Originally Posted October 17, 2012 - idle-chatter.com
After months spent hunched over a laptop, vertebrae in protest and hands ruined from overuse, you come blinking into the light to show your new title to the world. You’ve put a great deal of yourself into this work, fine tuning controls and gameplay elements, polishing art and dialogue, running your ears deaf from sound tests and listening to long to the repeating tracks. So you’re a bit taken aback when nobody notices.
An alternate scenario—your team has been pushing hard towards the deadline, and everything’s snapped into place. Your production staff is top notch, and keeps you well appraised of current trends, but somehow, sitting and watching launch day, launch week, and launch month pass by, your sure fire hit has done mediocre at best.
While I’ve seen the first scenario far more often than the latter, the fact remains that properly engaging your audience and gauging their response is a hard thing to master. It can seem random to people new to the industry, with statistics skewed by the mind-boggling successes of a few Rockstar developers and companies, but the simple truth for both big and small is that getting your players involved doesn’t happen instantaneously. So how do you, toiling on your newest baby, give it a chance in the real world?
Playtest early, playtest often
That new accelerometer based selection menu you designed is pretty cool, and now that you’ve been using it for the last four months, you can’t imagine anything else. You’ve never seen anything else like it, and couldn’t be prouder of it.
It’s very easy to fall in love with parts of your game when you’ve been playing them and tweaking them towards your play style; but there’s a reason you haven’t seen anything else like it, and that’s most likely because you’ve built it for you. The earlier you can get players involved with actually playing your game, the more quickly you’ll find out what works and what doesn’t.
One area where developers fall prey to their own biases over and over again is in difficulty scaling. Easy mode is way too easy, and your Insane setting barely gives you pause. Better make things just a bit harder, right? Unfortunately, your players aren’t going to have had the luxury of playing the game for six months when launch rolls around, and they won’t have learned your mad skills on day one.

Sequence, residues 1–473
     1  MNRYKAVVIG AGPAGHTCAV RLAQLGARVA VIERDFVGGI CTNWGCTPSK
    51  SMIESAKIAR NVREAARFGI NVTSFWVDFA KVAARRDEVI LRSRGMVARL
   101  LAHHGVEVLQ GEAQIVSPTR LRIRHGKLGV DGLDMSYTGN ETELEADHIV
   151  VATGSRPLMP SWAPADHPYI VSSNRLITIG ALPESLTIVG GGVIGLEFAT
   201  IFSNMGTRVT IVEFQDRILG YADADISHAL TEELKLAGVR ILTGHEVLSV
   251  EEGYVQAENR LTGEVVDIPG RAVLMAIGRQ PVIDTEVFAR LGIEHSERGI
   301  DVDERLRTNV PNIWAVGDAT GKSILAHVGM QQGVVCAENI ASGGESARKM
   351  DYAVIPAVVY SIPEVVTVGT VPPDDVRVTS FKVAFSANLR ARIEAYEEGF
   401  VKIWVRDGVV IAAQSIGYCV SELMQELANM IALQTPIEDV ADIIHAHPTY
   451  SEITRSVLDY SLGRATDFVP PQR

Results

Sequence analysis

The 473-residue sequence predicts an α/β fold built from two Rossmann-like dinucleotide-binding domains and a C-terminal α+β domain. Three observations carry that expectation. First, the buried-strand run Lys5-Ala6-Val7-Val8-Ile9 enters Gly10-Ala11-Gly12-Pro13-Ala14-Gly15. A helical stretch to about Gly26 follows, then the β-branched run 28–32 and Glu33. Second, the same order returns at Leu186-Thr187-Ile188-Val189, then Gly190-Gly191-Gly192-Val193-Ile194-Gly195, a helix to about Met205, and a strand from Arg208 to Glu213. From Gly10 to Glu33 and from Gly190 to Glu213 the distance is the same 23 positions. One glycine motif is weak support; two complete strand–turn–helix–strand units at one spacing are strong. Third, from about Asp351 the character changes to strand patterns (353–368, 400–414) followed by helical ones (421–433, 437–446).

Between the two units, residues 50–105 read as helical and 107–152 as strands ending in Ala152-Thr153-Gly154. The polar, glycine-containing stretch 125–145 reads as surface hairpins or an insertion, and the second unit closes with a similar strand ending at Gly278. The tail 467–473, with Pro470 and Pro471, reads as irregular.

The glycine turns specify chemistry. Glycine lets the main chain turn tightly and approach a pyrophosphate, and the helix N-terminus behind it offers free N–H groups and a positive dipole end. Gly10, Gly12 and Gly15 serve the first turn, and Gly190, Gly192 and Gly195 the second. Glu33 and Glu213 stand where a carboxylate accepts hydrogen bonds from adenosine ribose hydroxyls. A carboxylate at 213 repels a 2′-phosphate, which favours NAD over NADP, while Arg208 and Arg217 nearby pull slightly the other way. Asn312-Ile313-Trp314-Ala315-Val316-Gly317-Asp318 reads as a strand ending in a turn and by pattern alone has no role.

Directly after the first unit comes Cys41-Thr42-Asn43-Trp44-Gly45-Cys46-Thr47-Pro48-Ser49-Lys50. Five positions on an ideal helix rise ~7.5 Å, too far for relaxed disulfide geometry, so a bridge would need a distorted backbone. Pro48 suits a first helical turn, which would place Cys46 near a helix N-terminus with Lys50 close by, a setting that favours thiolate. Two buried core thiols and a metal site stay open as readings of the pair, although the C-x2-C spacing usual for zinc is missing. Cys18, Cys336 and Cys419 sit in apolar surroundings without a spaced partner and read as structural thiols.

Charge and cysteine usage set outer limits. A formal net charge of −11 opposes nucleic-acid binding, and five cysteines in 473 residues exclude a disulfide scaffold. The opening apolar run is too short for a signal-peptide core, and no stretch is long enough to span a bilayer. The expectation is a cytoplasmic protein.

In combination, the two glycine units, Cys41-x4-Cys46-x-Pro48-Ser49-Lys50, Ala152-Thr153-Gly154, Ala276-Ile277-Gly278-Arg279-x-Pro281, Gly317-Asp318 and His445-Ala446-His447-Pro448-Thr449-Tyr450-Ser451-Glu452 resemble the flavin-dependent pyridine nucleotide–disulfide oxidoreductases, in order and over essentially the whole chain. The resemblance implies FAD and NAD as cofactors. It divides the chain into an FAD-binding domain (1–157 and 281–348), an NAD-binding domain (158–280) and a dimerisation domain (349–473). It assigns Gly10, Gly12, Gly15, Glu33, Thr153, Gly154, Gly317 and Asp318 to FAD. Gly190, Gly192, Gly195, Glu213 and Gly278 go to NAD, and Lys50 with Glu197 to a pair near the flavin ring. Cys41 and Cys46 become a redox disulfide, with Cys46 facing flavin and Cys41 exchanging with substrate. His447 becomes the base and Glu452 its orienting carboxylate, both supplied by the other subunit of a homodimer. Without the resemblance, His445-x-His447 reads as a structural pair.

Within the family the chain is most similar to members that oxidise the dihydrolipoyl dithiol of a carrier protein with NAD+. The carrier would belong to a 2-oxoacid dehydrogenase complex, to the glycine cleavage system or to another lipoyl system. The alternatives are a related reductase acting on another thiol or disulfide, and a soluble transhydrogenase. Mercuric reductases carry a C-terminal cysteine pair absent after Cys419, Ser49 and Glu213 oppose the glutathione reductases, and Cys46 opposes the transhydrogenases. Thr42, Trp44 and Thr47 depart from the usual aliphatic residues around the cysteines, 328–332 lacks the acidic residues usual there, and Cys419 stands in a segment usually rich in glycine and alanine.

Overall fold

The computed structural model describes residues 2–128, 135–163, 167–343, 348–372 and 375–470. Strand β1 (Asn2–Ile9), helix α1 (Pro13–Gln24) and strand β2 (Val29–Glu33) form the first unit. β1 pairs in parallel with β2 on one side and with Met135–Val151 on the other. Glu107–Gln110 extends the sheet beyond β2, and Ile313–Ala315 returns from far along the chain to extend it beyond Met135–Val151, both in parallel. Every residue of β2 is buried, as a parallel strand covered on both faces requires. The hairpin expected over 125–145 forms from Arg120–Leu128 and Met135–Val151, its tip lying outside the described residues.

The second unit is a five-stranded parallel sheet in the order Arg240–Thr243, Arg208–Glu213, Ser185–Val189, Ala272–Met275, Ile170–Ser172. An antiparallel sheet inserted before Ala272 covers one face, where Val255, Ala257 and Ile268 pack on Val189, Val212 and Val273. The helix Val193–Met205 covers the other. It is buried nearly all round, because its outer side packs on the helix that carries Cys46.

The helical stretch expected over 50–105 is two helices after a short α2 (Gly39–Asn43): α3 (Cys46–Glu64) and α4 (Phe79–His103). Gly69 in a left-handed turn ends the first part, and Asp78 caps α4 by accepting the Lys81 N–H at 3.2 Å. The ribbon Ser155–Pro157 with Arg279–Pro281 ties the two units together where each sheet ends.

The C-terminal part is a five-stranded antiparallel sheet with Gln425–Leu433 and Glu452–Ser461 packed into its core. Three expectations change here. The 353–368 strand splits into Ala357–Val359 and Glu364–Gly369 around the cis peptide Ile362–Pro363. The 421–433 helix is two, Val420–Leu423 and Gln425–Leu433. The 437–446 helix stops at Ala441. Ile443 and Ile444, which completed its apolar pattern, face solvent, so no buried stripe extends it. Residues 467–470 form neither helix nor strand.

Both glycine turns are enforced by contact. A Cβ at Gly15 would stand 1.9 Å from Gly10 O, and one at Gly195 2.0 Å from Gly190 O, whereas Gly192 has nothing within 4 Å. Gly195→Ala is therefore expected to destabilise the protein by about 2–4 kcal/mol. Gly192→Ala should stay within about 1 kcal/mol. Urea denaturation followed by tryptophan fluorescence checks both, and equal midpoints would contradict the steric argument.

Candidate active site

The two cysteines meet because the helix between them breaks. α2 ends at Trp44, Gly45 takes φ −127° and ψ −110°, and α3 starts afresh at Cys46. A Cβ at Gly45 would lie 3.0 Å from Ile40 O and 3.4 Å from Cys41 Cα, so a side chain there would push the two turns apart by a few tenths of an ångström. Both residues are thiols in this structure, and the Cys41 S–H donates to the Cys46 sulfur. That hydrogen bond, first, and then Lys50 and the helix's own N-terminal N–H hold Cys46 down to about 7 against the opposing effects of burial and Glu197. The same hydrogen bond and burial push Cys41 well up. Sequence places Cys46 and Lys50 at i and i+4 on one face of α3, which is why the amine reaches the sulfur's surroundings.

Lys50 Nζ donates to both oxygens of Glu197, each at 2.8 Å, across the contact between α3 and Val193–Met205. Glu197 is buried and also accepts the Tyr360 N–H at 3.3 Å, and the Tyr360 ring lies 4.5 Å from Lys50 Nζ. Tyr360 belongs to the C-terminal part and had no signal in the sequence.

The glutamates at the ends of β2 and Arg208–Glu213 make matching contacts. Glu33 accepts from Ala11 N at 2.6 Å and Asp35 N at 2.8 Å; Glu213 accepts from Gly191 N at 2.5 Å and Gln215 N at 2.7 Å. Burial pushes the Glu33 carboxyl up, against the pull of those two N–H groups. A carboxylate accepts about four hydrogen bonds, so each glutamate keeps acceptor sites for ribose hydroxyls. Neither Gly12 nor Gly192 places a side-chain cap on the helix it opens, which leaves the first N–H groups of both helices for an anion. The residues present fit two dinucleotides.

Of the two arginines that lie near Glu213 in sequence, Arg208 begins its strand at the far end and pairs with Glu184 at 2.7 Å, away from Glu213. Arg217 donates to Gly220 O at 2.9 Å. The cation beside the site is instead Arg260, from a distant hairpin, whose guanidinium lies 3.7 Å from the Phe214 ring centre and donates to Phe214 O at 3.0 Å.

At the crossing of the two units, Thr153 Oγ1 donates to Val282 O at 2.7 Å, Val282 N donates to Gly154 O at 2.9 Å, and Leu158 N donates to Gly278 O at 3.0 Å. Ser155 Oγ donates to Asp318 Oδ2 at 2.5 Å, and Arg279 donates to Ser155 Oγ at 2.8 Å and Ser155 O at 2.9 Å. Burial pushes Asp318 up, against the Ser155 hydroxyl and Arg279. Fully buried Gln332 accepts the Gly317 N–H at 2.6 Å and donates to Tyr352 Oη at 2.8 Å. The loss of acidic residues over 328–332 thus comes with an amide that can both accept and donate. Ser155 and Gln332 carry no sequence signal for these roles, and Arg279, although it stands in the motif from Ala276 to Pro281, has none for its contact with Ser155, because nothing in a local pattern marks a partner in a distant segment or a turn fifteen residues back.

By passing your game through players, you can catch all of those things which just don’t present as well outside of your team, and you’ll save yourself a lot of headaches if you can alter those core mechanics before doing so breaks the game entirely.
Watch and Listen
You’ve grabbed some players to test, and sure enough, they keep walking straight past your shortcut, fire their bullets uselessly against enemy shields, and completely ignored the skill tree. Maybe you’ll just give them a nudge in the right direction, and explain that they need to charge up their gun to fire EMP rounds.
It’s almost more helpful to see what players don’t do than it is to see how they do things. If players aren’t utilizing a control or mechanic enough, then that brings up some very legitimate questions. Is that feature really all that necessary? If so, what are we not telling them that’s keeping them from using it? Maybe they do know about it, but the balance or utility is so off that they never feel the need.
Resisting the urge to get involved during your playtests is one of the hardest skills to learn when putting your game out in front of people, but it is an important one and should be learned early. By avoiding leading questions, hand holding, and plain-old direction, you will get a much more realistic picture of how informative, accessible, and playable your game is in its current state.
You are (Probably) Wrong
If one player says your weapons are too weak, it’s a data point. If two people say your weapons are too weak, it’s an active area of focus. If three or more people say your weapons are weak, it doesn’t matter how right you think you are, you are wrong. Players play games, and honestly, you most likely don’t have nearly the amount of time to play things as they do. On some level, if you get the same complaint about something you feel is finished, you probably need to revisit the drawing board. Maybe players aren’t using their weapons at the best efficiency, or maybe one of the themes of your game is weak-guns, but either your values are wrong, or you’re not communicating valuable information to the player.
Learning to rely on players for feedback early and often will help you guide your development into smooth areas. Now, obviously, if the size of your audience is predetermined or of no importance, you should ignore my advice here and simply get the game out there. With that said however, if you aren’t seeing the player counts and loyalty that you or your team are expecting, it’s time to reevaluate your player interactions.
Remember, you need to engage your community actively if you hope to keep them. The developers of FTL posted regularly on their forums, and responded to fan suggestions with each build. The staff of Kerberos Productions plays a very active part in their community, and are among the forum’s most rapid contributors, both in supporting their games and talking about them. Building a community has long term benefits, and it can only be a good thing to have easy access to dozens or hundreds or millions of people who, honestly, want you to make the best game possible. So, if you’re past your first playable, go gather up some people, sit them down, and get their insight. If nothing else, you’ll have a good idea what players expect from a game that presents as yours down. On the best side, you’ll be opening up new paths for understanding how your game feels, plays, and performs.